Bunny Old Wood: From Grassland to Grassland – A Nature Recovery Success Story

The Nottinghamshire Wildlife Trust and British Gypsum staff have worked together for many years, but the work of the past 12 months will really support nature’s recovery through the transformation of an area of ​​barren grassland into wildflower meadow adjacent to the Bunny Charity’s Old Wood.

97% of species-rich grassland has been lost since the 1930s and last year British Gypsum joined the Nottinghamshire Wildlife Trust in the fight to restore the UK’s declining wildflower habitat.

The company worked with the Trust to convert a field next to Bunny Old Wood, close to British Gypsum’s headquarters in East Leake. The creation of the 3.3 acre wildflower meadow is an exciting contribution to creating a nature recovery network for Nottinghamshire, enabling the region to regenerate and attract wild flower species .

A Nature Recovery Network is a connected system of important places for wild plants and animals. It allows plants, animals, seeds, nutrients and water to move from place to place and allows the natural world to adapt to change. It provides places for plants and animals to live, feed and reproduce. It can only do this effectively if, like our road network, it is treated as a coherent whole.

Grasslands are a brilliant habitat, home to eight times more wildlife than mowed grass. Rich in wildflowers, it will attract pollinators and other insects and act as a natural buffer to protect Bunny Old Wood’s former woodland habitat.

It will also provide food for birds and amphibians residing in the wood, such as the natural hedgerows the UK gypsum distribution team helped build – learning the ancient skill of hedging in the process. Wildflower seeds will also be a beneficial food source for small mammals such as mice and voles that reside in hedgerows and woods.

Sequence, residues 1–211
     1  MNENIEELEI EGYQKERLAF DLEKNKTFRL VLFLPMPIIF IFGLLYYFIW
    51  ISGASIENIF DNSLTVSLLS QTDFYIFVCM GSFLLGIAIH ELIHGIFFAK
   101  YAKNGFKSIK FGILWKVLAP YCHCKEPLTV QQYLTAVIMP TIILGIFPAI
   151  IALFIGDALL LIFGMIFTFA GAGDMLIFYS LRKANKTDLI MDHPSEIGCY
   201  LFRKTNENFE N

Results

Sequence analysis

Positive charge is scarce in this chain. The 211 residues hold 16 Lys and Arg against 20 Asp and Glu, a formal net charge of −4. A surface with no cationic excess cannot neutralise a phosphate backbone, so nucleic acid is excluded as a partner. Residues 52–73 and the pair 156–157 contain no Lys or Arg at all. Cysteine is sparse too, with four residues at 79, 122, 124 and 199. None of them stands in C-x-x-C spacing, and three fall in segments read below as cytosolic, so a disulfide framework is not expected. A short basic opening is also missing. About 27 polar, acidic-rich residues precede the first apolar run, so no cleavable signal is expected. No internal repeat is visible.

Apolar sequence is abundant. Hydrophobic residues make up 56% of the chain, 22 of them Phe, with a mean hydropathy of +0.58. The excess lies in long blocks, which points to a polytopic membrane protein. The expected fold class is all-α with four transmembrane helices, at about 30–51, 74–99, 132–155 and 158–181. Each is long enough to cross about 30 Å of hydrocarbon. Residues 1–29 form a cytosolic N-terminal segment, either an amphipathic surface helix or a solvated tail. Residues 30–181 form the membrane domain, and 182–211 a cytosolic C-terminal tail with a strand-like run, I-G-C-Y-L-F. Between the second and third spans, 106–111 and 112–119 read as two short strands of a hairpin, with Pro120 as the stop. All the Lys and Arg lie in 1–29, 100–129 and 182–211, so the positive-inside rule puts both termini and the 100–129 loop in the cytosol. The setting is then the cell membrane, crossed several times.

The Trust and British Gypsum are looking forward to a successful Spring and Summer 2020 season.

Senior Estates and Minerals Planner Jennifer Saunders said: ‘The site is reaping the benefits and we were really pleased to see that many species were already showing up in our grassland at Bunny Wood last year, some of which were possibly dormant for up to 20 years! These include meadow vetch, agrimone, white daisies and common spotted orchids.

“Much more than pretty flowers, grasslands are unparalleled refuges for wildlife, and we look forward to seeing what will appear this year too as the species develops and we hope it can establish itself more. far in the network in the future.”

Jennifer continued: “We all have a role to play and we are delighted to be able to get involved at the scale of the local landscape close to where we work. The volunteer activity completes our corporate sponsorship which we are happy to announce that we have just renewed for another year”,

Ruth Grice of the Nottinghamshire Wildlife Trust said: “We need to create a network of nature recovery that stretches across all parts of our towns and cities, bringing wildlife and the benefits of a healthy natural world to every part of life. Let flowers bloom along roadsides, install green roofs on city skylines, plant more street trees to give people shady walks in the summer, and encourage entire communities to garden for wild plants and animals. can all play a role.

Ruth continued: “We hope that by working with British Gypsum it will not only provide a start for a grassland recovery network in Nottinghamshire, but it will also inspire staff to get involved at home too, as studies have shown the benefits of living and working close to nature. .”

The Nottinghamshire Wildlife Trust and British Gypsum plan to continue their commitment in 2020 to improve habitat restoration at Bunny Old Wood and inspire others to do the same with advisory reports detailing current levels of biodiversity. These will then provide advice for future improvements and monitor the improvement of the site for wildlife.

They look forward to more activities with the staff, including bat walks and conservation volunteer days. Everyone involved is looking forward to seeing the improvements and also being able to enjoy the wildlife and habitats with the local community.

For more information on Nottinghamshire Wildlife Trusts business partnerships go online https://www.nottinghamshirewildlife.org/support-us/business-partnerships or ask for Ruth on 0115 958 8242.

Chris B. Hall